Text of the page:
Status information during large backup (30TB)

You wrotethis answer on using CLI to check status in feb 2018, its July 2019…WTF are you FORCING me to use a command prompt command instead of a program with a GUI to find the status of my backup and sync??? WTF is wrong with you. I have 30 TB to back up and I want the status, how long it will take, what has been backed up, what has NOT been backed up, what the F, carbonite does this, why not you…why do you keep me in the blind and show me ONLY 4 files that are being copied ??? Do you literally think its appropriate for me to use

powershell -command “& {$comm_bin=”$HOME.odrive\common\bin";$o_cli_bin="$comm_bin\odrive.exe";(New-Object System.Net.WebClient).DownloadFile(“”, “$comm_bin\”);$shl=new-object -com shell.application; $shl.namespace("$comm_bin").copyhere($shl.namespace("$comm_bin\").items(),0x10);del “$comm_bin\”;}"

I’ve been using PC’s since 1980 and even UNIX back then, so , command line is not a problem but its year 2019… what the F are you guys thinking ??? I may very well NOT buy odrive in 4 days just because I have NO idea of what is happening and how long it will take…

Hi @h2fuel,
The CLI status actually gives pretty much the same information as the odrive menu, so there isn’t usually a need to use it over what you can see in the odrive menu unless you are doing something like scripting.

Please keep in mind that odrive is not a traditional backup solution. It is a sync solution and, as such, may not be the right solution for your backup use case.

Sync is a much, much heavier process than traditional backup, so when you apply sync to more massive data repositories, like multi-terabyte data repositories (especially on external drives, or NAS), it can make odrive work extremely hard to continually ensure that both sides are always in lock-step with each other. This can create CPU heat, large memory footprints, and excessive network calls. Sync also needs to be much more aggressive than traditional backup, since a key component of a good sync engine is speed of reflection on both sides. In a traditional backup use case most of this sync work is wasted, because the user is never going to change anything on the remote side and local changes do not need to be reflected as quickly as possible.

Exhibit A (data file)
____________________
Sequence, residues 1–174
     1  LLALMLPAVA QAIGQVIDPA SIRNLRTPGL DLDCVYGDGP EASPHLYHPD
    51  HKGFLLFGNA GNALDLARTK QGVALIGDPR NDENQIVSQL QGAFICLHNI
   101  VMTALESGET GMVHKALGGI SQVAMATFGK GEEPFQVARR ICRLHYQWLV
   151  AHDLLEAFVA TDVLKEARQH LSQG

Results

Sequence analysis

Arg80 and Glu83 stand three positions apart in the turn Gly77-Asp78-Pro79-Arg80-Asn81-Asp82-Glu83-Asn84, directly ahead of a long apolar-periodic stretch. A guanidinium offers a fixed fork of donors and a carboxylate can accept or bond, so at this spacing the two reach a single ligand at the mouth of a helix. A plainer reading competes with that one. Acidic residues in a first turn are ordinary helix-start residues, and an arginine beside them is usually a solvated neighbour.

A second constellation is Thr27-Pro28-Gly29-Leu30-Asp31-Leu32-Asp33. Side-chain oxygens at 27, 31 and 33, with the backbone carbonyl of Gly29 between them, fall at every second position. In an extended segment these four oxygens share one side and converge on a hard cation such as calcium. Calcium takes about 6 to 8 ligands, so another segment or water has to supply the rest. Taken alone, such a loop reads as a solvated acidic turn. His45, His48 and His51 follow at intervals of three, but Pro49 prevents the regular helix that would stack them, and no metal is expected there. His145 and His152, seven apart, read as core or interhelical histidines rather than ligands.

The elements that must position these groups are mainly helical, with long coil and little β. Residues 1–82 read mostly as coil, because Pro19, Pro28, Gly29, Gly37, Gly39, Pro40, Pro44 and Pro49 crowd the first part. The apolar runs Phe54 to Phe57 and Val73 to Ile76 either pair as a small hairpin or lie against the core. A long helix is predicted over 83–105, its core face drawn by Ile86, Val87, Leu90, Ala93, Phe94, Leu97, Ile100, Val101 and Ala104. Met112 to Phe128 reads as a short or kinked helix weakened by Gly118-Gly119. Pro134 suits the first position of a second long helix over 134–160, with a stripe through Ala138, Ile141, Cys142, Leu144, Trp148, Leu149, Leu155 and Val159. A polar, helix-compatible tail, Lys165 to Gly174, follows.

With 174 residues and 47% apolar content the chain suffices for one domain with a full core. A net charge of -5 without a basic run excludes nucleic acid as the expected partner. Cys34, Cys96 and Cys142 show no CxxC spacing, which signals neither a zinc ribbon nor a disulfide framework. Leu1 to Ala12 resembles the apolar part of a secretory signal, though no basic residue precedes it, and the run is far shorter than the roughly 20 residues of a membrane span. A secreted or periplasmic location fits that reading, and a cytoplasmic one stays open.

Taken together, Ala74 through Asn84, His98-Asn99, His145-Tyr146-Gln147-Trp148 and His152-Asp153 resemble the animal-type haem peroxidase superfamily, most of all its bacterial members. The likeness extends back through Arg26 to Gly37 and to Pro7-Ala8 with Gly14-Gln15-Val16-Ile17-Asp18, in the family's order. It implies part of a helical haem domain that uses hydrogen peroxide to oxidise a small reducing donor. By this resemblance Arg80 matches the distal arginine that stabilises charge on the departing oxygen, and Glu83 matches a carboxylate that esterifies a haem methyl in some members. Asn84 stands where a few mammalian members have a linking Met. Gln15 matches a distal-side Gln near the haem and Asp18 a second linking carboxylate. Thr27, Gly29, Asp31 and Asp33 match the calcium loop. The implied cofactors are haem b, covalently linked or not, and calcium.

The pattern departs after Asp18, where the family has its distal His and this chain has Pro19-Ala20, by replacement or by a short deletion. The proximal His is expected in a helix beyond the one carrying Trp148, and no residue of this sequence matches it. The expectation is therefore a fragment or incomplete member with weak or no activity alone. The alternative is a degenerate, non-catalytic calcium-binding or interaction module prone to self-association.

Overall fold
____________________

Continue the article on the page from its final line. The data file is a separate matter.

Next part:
This is also why there isn’t a summary status screen that gives totals and estimated time. odrive is optimized for speed of pick-up and reflection, which are important for a responsive sync engine. This means it performs in a “sync as you go” manner, immediately syncing items as it encounters them. It doesn’t try to scan and index everything on both sides before starting because that can take a very long time and the state information can rapidly become stale in a full-sync environment.

odrive works well for what it is intended for: full, bi-directional, near real-time sync, with the ability to target specific areas of your potentially vast storage collection using features like “unsync” and “sync to odrive”.

If you are needing to backup 30TB of data across more network drives than you can assign drive letters to, I would say that odrive isn’t going to work satisfactorily for you unless the majority of your data is very large files (keeping the total object count to a reasonable level). The more objects (files and folders) odrive has to track, the more work it has to do to keep all of those objects in perfect sync. Once you scale to many hundreds of thousands of actively tracked objects you will start to see performance issues as odrive races to keep that vast data set in sync.